I can hardly imagine the shock God felt, squeezing infinite love and creativity into the vulnerability of a human infancy. I am equally at a loss trying to imagine what happened in God when Jesus died. If you take seriously the Trinitarian understanding of the reality of God, it’s a little hard to imagine. Jesus felt forsaken; he said as much. But maybe he was not being forsaken; maybe he was being accompanied even into death. Maybe God was dying, too, and that’s why Jesus felt no answering love in his spirit as he called out at the end.
Shelly Rambo argues in Spirit and Trauma: A Theology of Remaining that the Holy Spirit in some way persisted, carrying a weak and weary drop of life out of the death of Jesus, bearing it in some way until the resurrection. She describes some kind of role – bearing witness – for Mary Magdalene and the beloved disciple. I would take her description one step further. As Jesus breathed his last exhale, those who were present in some way drew in that dying breath: held that air in their own lungs, where it became part of them, and so carried this breath until sharing it into the air of resurrection.
But I’m getting ahead of myself. I want to stay in the middle. Well, no, I don’t want to. I want out of the middle, just like everyone else facing into an unknown, or an unwanted known. We want to race from the crucifixion to the resurrection.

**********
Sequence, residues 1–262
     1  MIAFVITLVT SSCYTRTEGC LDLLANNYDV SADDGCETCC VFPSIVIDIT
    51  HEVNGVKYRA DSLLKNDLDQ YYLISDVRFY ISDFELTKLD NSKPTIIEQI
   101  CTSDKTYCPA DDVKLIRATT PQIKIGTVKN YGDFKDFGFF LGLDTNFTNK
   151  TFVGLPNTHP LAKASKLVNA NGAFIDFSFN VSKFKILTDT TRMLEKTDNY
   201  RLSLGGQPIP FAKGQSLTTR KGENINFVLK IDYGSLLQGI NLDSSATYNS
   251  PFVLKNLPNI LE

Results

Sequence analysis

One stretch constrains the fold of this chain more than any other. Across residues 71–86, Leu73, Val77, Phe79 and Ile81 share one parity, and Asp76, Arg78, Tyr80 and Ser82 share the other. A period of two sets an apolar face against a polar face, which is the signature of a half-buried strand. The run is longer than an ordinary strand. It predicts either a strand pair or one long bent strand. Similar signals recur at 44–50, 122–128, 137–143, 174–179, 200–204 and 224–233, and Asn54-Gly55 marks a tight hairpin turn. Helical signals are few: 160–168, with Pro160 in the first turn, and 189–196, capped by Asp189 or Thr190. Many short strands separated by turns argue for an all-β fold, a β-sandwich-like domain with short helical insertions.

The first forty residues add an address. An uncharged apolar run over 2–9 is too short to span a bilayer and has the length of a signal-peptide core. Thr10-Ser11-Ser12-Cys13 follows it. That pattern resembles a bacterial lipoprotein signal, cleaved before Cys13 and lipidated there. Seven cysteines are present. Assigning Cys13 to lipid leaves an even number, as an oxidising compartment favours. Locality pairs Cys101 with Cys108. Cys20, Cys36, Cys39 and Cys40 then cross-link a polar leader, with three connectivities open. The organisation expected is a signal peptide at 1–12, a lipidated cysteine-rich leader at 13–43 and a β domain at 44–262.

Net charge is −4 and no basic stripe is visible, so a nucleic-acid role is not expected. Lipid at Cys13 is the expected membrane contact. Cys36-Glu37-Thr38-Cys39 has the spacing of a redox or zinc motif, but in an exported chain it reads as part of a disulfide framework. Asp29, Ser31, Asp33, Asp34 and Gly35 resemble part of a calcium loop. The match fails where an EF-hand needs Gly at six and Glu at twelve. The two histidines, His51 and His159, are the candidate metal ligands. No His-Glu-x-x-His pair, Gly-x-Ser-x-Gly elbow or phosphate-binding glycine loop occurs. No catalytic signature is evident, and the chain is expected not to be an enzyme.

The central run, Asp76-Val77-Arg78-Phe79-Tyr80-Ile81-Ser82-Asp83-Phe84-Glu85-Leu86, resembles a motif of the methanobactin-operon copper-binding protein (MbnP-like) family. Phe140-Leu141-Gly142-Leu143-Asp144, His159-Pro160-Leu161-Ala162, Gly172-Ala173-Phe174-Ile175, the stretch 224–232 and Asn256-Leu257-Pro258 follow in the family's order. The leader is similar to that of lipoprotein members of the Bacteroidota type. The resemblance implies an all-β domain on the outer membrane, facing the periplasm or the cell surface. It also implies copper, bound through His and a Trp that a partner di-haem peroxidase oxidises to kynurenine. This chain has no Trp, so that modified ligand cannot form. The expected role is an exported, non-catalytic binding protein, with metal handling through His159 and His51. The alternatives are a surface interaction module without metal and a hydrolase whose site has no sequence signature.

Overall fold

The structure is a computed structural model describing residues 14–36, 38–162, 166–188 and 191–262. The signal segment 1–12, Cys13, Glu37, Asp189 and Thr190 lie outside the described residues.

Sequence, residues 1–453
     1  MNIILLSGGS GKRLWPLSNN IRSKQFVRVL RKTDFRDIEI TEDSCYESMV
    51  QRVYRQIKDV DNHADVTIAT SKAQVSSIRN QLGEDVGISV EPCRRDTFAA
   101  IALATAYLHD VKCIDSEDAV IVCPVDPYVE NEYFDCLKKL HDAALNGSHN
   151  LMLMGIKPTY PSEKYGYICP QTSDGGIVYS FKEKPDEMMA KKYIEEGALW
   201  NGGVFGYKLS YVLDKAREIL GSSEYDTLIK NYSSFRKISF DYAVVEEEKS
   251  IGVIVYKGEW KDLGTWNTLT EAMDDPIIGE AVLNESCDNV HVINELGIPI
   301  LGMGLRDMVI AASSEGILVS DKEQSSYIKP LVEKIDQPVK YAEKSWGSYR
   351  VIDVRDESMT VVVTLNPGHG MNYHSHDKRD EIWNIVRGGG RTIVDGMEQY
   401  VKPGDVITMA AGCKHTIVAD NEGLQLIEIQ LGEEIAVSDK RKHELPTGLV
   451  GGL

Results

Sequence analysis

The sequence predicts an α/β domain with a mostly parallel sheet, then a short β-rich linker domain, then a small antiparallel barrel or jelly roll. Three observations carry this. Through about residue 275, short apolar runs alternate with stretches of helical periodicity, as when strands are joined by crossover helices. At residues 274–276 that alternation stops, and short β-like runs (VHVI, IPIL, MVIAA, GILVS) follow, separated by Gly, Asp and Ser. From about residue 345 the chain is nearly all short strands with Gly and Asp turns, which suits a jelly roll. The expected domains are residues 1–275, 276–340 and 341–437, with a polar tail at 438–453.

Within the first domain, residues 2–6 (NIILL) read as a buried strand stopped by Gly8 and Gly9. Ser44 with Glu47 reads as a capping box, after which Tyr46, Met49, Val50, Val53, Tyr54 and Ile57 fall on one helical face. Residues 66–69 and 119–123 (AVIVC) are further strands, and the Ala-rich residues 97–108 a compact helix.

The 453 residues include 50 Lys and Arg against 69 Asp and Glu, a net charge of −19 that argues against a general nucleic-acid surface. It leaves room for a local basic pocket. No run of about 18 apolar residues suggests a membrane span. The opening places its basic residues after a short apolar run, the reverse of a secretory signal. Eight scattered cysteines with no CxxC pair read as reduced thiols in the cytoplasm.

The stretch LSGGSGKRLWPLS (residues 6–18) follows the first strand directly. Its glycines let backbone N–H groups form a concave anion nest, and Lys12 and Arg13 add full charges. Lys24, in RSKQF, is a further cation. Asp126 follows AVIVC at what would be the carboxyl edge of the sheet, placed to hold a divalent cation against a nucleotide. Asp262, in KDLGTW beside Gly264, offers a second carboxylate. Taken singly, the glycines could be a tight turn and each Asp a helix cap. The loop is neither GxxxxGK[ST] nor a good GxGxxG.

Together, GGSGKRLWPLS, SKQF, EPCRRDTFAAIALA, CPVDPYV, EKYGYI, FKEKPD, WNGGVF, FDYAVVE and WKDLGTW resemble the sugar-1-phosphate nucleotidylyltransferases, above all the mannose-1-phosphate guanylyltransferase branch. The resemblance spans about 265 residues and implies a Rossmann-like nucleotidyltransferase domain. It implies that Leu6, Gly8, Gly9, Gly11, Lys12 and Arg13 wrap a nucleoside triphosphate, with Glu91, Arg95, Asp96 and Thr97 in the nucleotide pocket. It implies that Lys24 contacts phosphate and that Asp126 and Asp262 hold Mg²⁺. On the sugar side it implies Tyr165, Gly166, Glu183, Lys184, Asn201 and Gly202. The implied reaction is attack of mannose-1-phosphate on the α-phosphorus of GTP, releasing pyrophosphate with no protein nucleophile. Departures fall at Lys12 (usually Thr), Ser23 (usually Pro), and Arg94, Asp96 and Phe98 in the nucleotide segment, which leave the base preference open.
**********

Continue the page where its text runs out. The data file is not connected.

It’s not that we don’t understand the space between the two. We understand all too well. Holy Saturday is where we spend altogether too much of our lives.
“Take this cup from me,” we say. I need to know, and control, and be in charge of my fate. I don’t want to wonder why; I don’t want to ask for mercy; I refuse the breathless, praiseless hell of Sheol. I will praise you, God, even when I have no reason to praise: I will call out that You are in control, that You will not give me more than I can handle, that You’ve got this. I will make an idol of my idea of You, of what I need You to be. Anything to avoid the dead middle of I don’t know and I can’t fix it and I just have to wait.
So, no, I don’t want to stay in the middle. But here I am. And I have learned to live, here. I have learned to see the beauty around me, to feel the love coming to me, to find work worth doing, even in the midst of I don’t know and this is not what I thought it was going to be and I don’t know how to keep going.
When I can go no further, I have friends and loved ones who take up the baton and breath for me, praise for me, pray for me. When I encounter someone else who can go no further, I take the baton and breathe for them, pray for them, even curse for them, in order to bear witness to their unbearable reality.
When Jesus died, and the breath of God was left only to a disembodied Spirit brooding over us, we did what God needed us to do. We took the breath into our bodies, we carried it on, and somehow handed it back to God, hale once more.
I have so many questions … so few answers … but when logic fails me, I take this turn: into what my spirit knows, and my mystic heart holds true. When the nightmare has come upon you, I can breathe through it with you, bear witness to your pain, and eventually reconnect you with your own breath. God did it for us; we did it for God; we have done it for each other through the ages. We can do it still. And every day I live through this middle way, by the grace of God and the breath of my friends, I learn more deeply how to hold space and breath and time: for them, for God, for you.